Compared with the utility-scale market, residential solar installations have been less affected by supply chain issues. Large projects depend on imported modules, and 13% of those scheduled for 2022 have been delayed. On the other hand, smaller home installations can easily switch to solar panels manufactured in North America when imports are delayed.

    The Installed Price of Solar PV Systems in 2021

    solar prices

    Inflation has been affecting all industries, and this is reflected in the price data gathered by the SEIA. However, the business case for going solar remains favorable, since electricity prices also increased in 2021. Solar panel systems are becoming more expensive, but their savings have also increased in proportion with kilowatt-hour prices.

    The latest Solar Market Insight compares solar PV system prices in Q4 2020 and Q4 2021, classifying projects into four categories: residential, commercial, fixed-tilt utility arrays, and tracking utility arrays.

    Solar Array Type

    Q4 2020 Price

    Q4 2021 Price

    Price Increase (%)

    Residential

    $2.97 / watt

    $3.10 / watt

    $0.13 / watt (4.4%)

    Commercial

    $1.36 / watt

    $1.55 / watt

    $0.19 / watt (14%)

    Fixed-tilt utility

    $0.80 / watt

    $0.94 / watt

    $0.14 / watt (17.5%)

    Tracking utility

    $0.93 / watt

    $1.06 / watt

    $0.13 / watt (14%)

    The residential solar market has experienced the smallest price increase, while fixed-tilt utility systems have suffered the largest increase. Tracking utility-scale and commercial solar power have seen a similar price increase in terms of percentage.

    US Solar Power Outlook for 2022 - 2032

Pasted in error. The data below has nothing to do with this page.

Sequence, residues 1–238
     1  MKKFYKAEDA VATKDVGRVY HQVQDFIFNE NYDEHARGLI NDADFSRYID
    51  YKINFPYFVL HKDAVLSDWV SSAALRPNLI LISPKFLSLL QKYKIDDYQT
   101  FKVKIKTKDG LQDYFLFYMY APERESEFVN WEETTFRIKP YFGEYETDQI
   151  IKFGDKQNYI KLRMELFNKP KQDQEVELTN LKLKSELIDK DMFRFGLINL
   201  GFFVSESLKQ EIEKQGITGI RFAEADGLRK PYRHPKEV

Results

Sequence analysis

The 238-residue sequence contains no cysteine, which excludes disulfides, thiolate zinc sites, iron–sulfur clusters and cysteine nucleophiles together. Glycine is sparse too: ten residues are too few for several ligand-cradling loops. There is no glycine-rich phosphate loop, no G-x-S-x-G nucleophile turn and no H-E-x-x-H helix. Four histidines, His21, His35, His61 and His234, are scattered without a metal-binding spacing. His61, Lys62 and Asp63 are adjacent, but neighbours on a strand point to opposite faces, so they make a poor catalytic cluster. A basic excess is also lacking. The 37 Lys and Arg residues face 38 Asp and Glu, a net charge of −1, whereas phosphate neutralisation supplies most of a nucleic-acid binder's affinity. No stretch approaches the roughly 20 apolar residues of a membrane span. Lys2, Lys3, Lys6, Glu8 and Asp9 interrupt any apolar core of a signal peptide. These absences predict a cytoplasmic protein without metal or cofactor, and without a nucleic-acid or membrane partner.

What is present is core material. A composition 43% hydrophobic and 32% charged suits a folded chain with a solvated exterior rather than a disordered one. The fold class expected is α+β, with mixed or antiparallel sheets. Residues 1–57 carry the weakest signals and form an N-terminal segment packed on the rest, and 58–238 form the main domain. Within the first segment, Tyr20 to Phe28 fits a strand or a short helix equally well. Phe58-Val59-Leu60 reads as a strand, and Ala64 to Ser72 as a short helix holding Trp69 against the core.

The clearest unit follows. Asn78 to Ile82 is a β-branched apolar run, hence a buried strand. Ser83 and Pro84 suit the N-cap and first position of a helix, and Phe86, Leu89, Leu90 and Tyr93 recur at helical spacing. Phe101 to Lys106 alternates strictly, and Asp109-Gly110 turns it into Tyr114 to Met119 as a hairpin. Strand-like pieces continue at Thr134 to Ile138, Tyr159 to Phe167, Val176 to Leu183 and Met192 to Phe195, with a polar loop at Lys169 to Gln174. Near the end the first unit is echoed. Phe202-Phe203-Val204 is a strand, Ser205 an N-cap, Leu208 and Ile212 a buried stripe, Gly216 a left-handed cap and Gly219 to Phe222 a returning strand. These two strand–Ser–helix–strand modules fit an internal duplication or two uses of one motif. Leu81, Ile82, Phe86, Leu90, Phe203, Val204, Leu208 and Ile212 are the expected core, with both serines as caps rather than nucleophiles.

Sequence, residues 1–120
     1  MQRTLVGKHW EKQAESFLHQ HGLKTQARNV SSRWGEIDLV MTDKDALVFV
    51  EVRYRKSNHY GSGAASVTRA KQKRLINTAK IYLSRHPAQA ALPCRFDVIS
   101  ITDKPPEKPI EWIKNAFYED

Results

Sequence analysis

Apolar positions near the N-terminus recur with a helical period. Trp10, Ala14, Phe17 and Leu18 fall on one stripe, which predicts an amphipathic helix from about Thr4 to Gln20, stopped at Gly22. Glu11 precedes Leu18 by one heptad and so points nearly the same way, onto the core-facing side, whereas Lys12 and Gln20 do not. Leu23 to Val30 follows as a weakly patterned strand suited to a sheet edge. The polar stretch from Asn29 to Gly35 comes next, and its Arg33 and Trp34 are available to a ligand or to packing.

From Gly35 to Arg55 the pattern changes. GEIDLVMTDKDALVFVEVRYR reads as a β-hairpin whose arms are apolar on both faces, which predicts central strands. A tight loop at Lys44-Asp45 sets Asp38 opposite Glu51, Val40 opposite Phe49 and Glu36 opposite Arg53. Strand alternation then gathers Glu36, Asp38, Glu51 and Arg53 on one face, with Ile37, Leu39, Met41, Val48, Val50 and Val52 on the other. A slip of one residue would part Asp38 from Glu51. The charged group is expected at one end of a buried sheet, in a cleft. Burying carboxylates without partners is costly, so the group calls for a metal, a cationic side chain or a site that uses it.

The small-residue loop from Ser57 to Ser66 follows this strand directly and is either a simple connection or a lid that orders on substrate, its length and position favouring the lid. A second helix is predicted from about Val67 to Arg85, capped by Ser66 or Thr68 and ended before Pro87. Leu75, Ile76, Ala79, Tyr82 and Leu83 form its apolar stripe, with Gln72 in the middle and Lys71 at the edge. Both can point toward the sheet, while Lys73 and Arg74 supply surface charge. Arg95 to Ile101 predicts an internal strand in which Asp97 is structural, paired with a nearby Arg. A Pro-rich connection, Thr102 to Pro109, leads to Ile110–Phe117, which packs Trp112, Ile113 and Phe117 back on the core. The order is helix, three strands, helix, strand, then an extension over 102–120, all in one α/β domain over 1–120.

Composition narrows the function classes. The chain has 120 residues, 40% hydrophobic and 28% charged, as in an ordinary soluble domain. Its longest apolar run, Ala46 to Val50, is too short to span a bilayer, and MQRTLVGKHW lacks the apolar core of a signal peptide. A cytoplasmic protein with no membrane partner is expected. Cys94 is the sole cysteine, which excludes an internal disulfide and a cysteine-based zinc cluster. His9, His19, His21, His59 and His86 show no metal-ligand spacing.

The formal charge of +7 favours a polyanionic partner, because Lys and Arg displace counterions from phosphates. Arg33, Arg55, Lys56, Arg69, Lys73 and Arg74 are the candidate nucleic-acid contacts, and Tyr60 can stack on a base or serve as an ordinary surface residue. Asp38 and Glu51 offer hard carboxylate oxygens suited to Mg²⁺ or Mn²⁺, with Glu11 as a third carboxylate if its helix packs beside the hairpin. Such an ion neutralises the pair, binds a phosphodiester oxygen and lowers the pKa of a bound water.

In their baseline scenario, the SEIA and Wood Mackenzie are forecasting a solar PV capacity of 464 GW by 2032, which represents a growth of over 280% from the 2021 report. However, they also modeled a 10-year extension of the federal tax credit, and the US can reach 700 GW by 2032 in this scenario - a 500% increase from today. This ITC extension is one of the measures proposed in the Build Back Better Act.

    The latest SEIA report also reveals that Texas has become the top solar market: 6,060 MW were installed in 2021, slightly over 25% of the total capacity installed (23.6 GW). The following table lists the top 5 solar states between 2019 and 2021, based on SEIA data:

    Rank

    2019

    2020

    2021

    #1

    California

    California

    Texas

    #2

    Texas

    Texas

    California

    #3

    Florida

    Florida

    Florida

    #4

    North Carolina

    Virginia

    Virginia

    #5

    Arizona

    North Carolina

    Georgia

    Solar photovoltaic power represents 46% of the total generation capacity added by the US in 2021, and there is a similar outlook for 2022. The US Energy Information Administration is forecasting 46.1 GW of new capacity for the year, and solar PV accounts for 21.5 GW.

    Tags Solar Power | solar energy | solar panels | SEIA | EIA